Hats off to Helm Crag
Studious tourists and serious trekkers have long paid homage to Grasmere. The village means a variety of things to a variety of folk, but whether you’re a devoted Wordsworthite, Heaton-Cooperite or dedicated Wainwrightite, the green vale with its sparking lake owes its ultimate charm to its glorious encirclement of fells. William Wordsworth and the Heaton-Coopers were inveterate fellwalkers, their respective study centres and art galleries creative acknowledgement of the village’s beautiful setting.
The speedy A591 main road through the vale follows an age-old path, a trade and travel highway from time immemorial. Its course defined by the natural break in the high fell guard north to south through the district made by the pass of Dunmail Raise. Ancient travellers doffed their caps to the mighty cairn at its crest and knew well the striking rock-topped fell to the west en route south. Helm Crag is one of Lakeland’s most distinct heights, the term helm meaning ‘cloud-capped hill’. Two rock tors stand at either end of its summit ridge lending scope for tourist guides of former years to offer a plethora of descriptive names to entertain their passengers: lion and lamb, the howitzer, old lady playing an organ. These tops are hard for the average hill-goer to climb notably the tilted summit tor, the Lion couchant, which probably receives the attention of barely one in every hundred visitors.
An eagle's eye view of the walk
I have conquered this peak on three occasions, but not on my most recent visit, time was pressing as I was distracted by multifarious conversations, most notably with Mr Riley the shepherd from Underhelm Farm. He was working his dogs gathering the sheep in a sweep over the summit to separate the ewes and lambs. When I finished the walk there was much plaintive bleating in the in-bye pastures! The cold damp Spring had been a bad time for the flock and numbers were seriously down. Mr Riley’s one beam of light the milk from his small dairy herd of fifty Friesians.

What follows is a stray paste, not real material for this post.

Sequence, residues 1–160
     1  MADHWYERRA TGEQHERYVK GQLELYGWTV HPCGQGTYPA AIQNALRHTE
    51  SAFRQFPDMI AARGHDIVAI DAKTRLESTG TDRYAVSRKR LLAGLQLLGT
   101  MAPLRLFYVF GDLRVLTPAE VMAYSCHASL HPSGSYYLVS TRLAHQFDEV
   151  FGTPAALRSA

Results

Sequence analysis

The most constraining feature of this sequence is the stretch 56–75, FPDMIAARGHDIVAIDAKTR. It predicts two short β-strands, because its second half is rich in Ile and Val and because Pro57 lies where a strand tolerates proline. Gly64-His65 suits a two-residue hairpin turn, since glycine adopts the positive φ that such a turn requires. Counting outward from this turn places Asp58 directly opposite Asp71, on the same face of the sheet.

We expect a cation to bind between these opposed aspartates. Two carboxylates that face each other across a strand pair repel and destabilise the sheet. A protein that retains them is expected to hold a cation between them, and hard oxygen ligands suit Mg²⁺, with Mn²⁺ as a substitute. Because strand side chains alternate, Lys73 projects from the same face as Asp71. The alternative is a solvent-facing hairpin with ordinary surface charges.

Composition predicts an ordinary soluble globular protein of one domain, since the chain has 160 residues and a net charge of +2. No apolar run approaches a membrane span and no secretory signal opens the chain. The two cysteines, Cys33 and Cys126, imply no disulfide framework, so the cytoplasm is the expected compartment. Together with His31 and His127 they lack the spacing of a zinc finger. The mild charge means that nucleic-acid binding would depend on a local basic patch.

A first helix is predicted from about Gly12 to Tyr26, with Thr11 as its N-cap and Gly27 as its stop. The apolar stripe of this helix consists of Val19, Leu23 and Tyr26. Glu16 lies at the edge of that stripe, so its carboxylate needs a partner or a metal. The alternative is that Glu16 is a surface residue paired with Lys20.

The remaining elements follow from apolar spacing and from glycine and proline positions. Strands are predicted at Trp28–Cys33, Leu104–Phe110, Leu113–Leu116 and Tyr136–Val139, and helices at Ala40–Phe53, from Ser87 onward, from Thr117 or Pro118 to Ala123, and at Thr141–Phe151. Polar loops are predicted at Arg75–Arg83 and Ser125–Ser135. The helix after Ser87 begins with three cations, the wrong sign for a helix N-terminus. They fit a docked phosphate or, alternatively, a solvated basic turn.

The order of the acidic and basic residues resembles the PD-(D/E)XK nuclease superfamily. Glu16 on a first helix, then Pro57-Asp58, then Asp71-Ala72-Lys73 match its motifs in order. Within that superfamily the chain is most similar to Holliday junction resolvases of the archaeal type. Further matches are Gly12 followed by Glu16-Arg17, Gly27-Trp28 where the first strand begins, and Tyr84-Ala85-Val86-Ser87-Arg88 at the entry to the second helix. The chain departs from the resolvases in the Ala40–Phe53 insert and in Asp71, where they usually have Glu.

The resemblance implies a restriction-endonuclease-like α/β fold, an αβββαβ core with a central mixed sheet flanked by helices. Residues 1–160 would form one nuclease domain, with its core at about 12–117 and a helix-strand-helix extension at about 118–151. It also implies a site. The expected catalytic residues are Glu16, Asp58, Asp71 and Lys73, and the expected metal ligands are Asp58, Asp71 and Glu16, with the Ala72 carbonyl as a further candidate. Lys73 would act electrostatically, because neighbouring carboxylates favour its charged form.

The Calf Crag/Helm Crag ridge is more often followed eastwards so there’ll be many encounters with fellow fellwanderers. Some will be tackling the Coast to Coast Walk, while others engaged in the greater Easedale Round. The latter walk leaves Grasmere heading for Sour Milk Gill, Easedale Tarn and Sergeant Man before tracking north either via High Raise and Greenup Edge, or more directly by the old fenceline over Codale Head
Stridus insistus... let the walking begin
The defining start point of this walk, is Sam Read’s Bookshop, right at the heart of the village. An appropriate shop-name, indeed it was founded as a bookshop a hundred years ago. If, like me, you simply can’t walk past such fountains of the imagination then you’ll probably start the walk, by walking in and promptly be wrested out by your walking companions – I walk alone so don’t have such constraints, though even I know the compelling insistence of tempus fugit with a walk to do! Opposite the shop is a bus stop with a tidal flow of Stagecoach buses, so this is definitely a walk you can entertain minus your car… ‘park, ride and stride’ being very much in order.
Head off up Easedale Road, traffic along this cul-de-sac road has descreased in the last two years since the small car park beyond Butharlyp How youth hostel was built upon! Keep to the tarmac roadway through the open meadow to Little Parrock, fork right upon the bridleway which promptly becomes a narrow, slate cobbled path close by a cottage. Reaching a gate, note the wicket-gate right for later reference; the signed path leads through woodland to Lancrigg Hotel where ‘walkers’ teas’ in graceous surrounds may be enjoyed – at walk’s end.
This is an excerpt from Mark's original article. To see the full article, you will need to download the PDF using the link below
Download complete PDF (102KB)
© Mark Richards 2006